Circulation 80,350 • Volume 21, No. 3 • Fall 2006   Issue PDF

Return to Spontaneous Ventilation Can Be Life-Saving

Marc A. Pressman, MD

To the Editor

I read with considerable concern the article titled, “Difficult Intubation in the Obese Patient,” (APSF Newletter, Winter 2005-2006 Issue, Page 83). While it is true that positioning is extremely important in airway management in the obese patient, I feel that the real lesson in this case is being overlooked. In an obese patient for an ELECTIVE procedure, when difficulty with visualization/mask ventilation is encountered, the goal should be to return the patient to spontaneous ventilation with a clear airway as soon as possible, not insertion of an ETT! I suspect that in this case quite a few attempts at intubation were tried with various devices before the airway was irretrievably lost. With succinylcholine, return to spontaneous ventilation should occur fairly rapidly in most cases, and the procedure should have been canceled and the patient awakened. Better to come back another day with such a patient, perhaps for an awake intubation under appropriate sedation, than to lose him in trying to be heroic.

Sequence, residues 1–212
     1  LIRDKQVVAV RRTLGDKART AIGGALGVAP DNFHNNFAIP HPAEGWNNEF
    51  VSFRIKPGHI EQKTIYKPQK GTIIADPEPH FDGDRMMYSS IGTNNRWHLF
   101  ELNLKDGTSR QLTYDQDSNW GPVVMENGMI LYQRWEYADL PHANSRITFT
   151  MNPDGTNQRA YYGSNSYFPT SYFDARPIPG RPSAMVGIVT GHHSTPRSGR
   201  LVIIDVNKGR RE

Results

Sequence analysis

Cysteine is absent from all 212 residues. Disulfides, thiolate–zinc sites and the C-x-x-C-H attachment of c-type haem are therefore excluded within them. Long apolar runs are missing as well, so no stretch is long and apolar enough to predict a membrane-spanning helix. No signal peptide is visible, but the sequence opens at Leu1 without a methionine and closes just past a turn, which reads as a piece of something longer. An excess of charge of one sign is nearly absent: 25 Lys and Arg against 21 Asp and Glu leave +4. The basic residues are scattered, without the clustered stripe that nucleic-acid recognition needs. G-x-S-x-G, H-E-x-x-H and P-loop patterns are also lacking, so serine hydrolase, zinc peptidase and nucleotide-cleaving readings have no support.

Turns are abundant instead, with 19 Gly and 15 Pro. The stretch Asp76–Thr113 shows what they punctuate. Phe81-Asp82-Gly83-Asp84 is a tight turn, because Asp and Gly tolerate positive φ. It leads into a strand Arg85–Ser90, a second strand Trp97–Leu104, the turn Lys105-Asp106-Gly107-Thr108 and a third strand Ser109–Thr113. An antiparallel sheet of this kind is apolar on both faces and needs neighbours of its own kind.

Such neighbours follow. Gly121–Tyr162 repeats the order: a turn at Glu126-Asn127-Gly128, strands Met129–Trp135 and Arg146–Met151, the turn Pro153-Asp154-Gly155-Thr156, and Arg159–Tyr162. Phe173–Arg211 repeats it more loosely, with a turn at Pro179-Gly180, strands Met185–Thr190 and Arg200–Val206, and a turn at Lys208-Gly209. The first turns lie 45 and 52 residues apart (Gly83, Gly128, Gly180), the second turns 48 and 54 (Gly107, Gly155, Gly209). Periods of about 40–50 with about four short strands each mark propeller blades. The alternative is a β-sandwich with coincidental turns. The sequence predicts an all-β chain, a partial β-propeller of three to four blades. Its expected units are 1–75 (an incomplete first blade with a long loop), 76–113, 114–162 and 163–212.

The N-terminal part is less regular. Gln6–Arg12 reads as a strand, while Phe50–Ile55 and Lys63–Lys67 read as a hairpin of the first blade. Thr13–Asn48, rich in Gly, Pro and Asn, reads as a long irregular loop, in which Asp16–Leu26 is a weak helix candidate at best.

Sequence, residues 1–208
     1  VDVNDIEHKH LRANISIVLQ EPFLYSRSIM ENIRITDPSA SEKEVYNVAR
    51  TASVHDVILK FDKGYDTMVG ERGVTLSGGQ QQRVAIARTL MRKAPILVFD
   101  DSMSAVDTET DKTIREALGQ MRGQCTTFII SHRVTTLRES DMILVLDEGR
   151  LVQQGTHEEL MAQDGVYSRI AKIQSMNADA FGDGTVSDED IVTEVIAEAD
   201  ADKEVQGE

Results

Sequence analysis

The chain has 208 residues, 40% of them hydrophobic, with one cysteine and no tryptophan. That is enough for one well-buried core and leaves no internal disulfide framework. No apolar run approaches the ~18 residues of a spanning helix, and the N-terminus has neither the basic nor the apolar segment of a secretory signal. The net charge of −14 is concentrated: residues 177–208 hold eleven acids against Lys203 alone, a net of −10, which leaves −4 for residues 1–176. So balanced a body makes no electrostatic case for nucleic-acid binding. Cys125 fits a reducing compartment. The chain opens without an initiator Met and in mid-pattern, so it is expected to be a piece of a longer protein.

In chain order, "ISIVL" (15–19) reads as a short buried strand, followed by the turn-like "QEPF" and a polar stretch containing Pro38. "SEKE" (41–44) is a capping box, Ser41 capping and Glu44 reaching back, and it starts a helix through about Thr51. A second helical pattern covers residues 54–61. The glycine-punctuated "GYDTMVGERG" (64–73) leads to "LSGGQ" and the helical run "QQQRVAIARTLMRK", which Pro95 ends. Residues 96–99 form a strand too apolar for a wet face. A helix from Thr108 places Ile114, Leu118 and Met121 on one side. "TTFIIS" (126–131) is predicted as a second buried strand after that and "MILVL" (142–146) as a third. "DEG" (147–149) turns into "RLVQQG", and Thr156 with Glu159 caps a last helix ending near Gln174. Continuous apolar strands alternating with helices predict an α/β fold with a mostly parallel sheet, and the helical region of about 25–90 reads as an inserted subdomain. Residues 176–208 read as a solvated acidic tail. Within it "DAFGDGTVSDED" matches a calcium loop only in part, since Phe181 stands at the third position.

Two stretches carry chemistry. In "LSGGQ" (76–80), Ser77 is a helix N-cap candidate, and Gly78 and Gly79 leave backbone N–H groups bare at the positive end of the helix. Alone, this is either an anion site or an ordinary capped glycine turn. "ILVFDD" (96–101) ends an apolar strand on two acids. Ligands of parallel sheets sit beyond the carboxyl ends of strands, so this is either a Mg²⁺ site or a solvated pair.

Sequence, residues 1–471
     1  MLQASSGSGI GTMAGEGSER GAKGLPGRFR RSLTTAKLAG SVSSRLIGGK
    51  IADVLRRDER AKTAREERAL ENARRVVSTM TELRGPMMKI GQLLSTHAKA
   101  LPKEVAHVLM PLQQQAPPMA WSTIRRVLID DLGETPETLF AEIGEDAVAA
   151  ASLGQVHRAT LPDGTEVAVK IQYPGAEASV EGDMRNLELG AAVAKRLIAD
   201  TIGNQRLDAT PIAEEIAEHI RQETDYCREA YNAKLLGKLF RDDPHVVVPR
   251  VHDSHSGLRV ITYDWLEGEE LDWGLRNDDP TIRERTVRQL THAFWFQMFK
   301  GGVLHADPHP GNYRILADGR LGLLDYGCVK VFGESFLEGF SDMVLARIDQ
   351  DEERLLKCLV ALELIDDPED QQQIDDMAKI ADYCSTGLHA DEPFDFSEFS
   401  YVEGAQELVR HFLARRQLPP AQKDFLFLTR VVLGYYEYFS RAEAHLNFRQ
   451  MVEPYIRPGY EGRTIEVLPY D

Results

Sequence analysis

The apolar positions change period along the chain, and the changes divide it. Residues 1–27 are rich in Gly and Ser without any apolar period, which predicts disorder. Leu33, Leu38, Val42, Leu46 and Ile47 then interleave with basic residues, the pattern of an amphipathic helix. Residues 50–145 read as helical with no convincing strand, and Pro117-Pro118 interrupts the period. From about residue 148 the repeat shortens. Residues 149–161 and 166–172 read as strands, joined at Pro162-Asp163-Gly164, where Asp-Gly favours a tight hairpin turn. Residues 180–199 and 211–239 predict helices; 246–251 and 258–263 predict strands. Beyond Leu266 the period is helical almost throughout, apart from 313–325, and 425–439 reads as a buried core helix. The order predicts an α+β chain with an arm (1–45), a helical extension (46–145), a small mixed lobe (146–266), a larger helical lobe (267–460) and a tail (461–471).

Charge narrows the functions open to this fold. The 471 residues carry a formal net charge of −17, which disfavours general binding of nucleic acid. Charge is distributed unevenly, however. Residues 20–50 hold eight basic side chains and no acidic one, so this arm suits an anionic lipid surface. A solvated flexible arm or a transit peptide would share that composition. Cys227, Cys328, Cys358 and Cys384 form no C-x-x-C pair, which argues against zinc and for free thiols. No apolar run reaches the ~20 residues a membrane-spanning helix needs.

Marc A. Pressman, MD
Surgicenter of Baltimore
Owings Mills, MD